Economic history of Africa


Economic history of Africa

It is today believed that humanity originated in Africa and as soon as human societies formed so did economic activity. Earliest humans were hunter gatherers living in small family groupings. Even then there was considerable trade, that could cover long distances. Archaeologists have found that trade in luxury items like precious metals and shells crossed the entirety of the continent.

Origins of agriculture

The first civilization in Africa is believed to have begun in the heart of the Sahara Desert, but which in 5200 BC was far more moist and densely populated. Several native species were domesticated, most importantly pearl millet, sorghum and cowpeas which spread through West Africa and the Sahel. The Sahara at this time was like the Sahel today. Its wide open fields made cultivation easy, but the poor soil and limited rain made intensive farming impossible. The local crops were also not ideal and produced fewer calories than those of other regions. These factors limited surpluses and kept populations sparse and unurbanized.

North Africa thus took a very different route from the southern regions. Climatically it is closely linked to the Middle East and the Fertile Crescent and the agricultural techniques of that region were adopted wholesale. This included a very different sets of crops, such as wheat, barley, and grapes. North Africa was also blessed by one of the richest agricultural regions in the world in the form of the Nile River valley. With the arrival of agriculture the Nile region quickly became one of the most densely populated in the world, and the Egyptians home to one of the first civilizations.

The drying of the Sahara created a formidable barrier between the northern and southern portions of the continent. Two important exceptions were Nubia that was linked to Egypt by the Nile and Ethiopia that could trade with the northern regions over the Red Sea. Powerful states grew up in these regions such as Kush in Nubia and Axum in Ethiopia. From these regions ideas and technologies from the Middle East and Europe could travel to Sub-Saharan Africa.

One of these was iron working that arrived, presumably from Sudan around 1200 BC and quickly spread to West Africa and reached South Africa by the fifth century AD. Some historians believe that iron working may have been developed independently in Africa. Unlike other continents Africa did not have a period of copper and bronze working before the Iron Age. Copper is quite rare in Africa while iron is quite common. In Nubia and Ethiopia iron, trade, and agricultural surpluses lead to the establishment of cities and civilizations.

In the still more sparsely settled rest of the continent this same period sees the expansion of the Bantu speaking peoples. The Bantu expansion almost certainly began in Southern Cameroon around 4000 years ago. Bantu languages are spoken there today and there is archaeological evidence for incoming Neolithic farmers in Northern Gabon ca. 3800 BP. It is known that their expansion was extremely rapid and massive, but its exact engine remains controversial. This is too early for iron, which appears in the archaeological record by 2500 BP. One of the early expansions of Bantu was the migration of the Bubi to Fernando Po (Bioko) and they were still using stone technology at first European contact. The difficulties of cutting down the equatorial forest for farming have led to the suggestion that the primary expansion was along river valleys, a hypothesis supported by studies of fish names. Another factor may have been the arrival of SE Asian food crops, notably the AAB plantain, the cocoyam and the water-yam. Linguistic reconstructions suggest that the only livestock possessed by the proto-Bantu was the goat. Over the centuries the entire southern half of Africa was covered, excluding only the Kalahari desert. This expansion only ended relatively recently. In the year 1000 Arab traders show that the Bantu had not reached as far as Mozambique, and European settlers observed the Bantu expansion into South Africa under the Zulu and others.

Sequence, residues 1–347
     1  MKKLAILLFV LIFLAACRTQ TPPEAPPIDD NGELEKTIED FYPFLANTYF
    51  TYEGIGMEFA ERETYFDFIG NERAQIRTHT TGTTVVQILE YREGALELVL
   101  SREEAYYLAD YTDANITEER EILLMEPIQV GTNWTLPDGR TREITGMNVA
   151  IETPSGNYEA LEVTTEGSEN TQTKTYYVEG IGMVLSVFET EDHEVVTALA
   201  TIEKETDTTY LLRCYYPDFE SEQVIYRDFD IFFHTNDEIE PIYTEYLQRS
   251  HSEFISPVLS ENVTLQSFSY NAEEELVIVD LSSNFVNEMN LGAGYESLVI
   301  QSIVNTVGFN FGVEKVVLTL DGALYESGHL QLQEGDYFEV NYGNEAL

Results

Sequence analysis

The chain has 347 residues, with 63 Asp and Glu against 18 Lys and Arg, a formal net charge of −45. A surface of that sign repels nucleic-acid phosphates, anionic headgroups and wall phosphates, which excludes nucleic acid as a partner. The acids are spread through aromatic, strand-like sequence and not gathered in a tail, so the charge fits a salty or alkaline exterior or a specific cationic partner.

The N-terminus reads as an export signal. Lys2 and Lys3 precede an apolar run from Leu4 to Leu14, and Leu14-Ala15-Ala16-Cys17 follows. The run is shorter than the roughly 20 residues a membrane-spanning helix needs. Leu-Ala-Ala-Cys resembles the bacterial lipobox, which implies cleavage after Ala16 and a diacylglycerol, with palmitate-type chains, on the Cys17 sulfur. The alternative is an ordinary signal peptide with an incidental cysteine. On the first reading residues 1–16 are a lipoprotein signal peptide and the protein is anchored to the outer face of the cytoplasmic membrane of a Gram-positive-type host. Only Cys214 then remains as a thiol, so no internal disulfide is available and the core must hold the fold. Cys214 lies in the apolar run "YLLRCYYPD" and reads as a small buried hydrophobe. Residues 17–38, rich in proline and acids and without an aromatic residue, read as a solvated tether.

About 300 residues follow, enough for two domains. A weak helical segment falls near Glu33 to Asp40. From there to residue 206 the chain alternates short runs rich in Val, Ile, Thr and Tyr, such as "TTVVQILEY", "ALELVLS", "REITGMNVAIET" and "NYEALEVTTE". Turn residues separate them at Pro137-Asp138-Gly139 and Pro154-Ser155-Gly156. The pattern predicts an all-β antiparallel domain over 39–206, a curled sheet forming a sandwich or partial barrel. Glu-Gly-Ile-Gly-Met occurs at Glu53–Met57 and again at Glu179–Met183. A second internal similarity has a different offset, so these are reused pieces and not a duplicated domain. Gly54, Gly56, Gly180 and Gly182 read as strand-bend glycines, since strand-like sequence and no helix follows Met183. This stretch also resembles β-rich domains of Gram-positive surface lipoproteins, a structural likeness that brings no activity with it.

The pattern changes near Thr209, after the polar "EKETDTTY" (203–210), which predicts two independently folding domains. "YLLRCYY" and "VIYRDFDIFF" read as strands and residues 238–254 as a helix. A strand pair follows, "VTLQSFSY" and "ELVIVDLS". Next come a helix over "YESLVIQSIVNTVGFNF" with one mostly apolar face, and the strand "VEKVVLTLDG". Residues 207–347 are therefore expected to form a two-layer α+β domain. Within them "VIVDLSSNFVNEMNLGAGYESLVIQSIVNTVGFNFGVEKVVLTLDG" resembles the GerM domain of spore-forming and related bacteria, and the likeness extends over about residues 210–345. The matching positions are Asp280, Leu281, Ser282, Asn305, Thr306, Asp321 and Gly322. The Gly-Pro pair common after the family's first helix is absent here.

The importation Bantu pastoralism reshaped the continent's economy. Sometime in the first millennium and equally important change began as crops began to arrive from Southeast Asia. The Indian Ocean has always been far more open to trade than the turbulent Atlantic and Pacific. Traders could ride the monsoon winds west early in the year and return east on them later. It is guessed that these crops first arrived in Madagascar, which also adopted Southeast Asian languages, sometime between AD 300 and 800. From the island the crops crossed to East Africa. They included many crops, the most important being the banana.

The banana and other crops allowed for more intensive cultivation in the tropical regions of Africa, this was most notable in the Great Lakes region, and area with excellent soil, that saw many cities and states form, their populations being fed largely by bananas."'

Trade

While some trade had always occurred, the rise of cities and empires made trade far more central to the African economy. North Africa was central to the trade of the entire Mediterranean region. Other than Egypt this trade was mostly controlled by the Phoenicians who came to dominate North Africa, with Carthage becoming their most important city. The Greeks controlled much of the eastern trade, including that along the Red Sea with Ethiopia. In this region a number of Greek trading cities were established that acted as a conduit for their civilization and learning.

The Egyptian (and later, Roman) city of Alexandria (founded by Alexander the Great in 334 BC) was one of the hubs for Mediterranean trade for many centuries. Well into the nineteenth century Egypt remained one of the most developed parts of the world outside Europe.

For most of the first millennium AD, the Axumite Kingdom has created a prosperous trade empire on the East Coast (where today we can find the states of Ethiopia and Eritrea). Axum had a powerful navy and trading links reaching as far as the Byzantine Empire and India.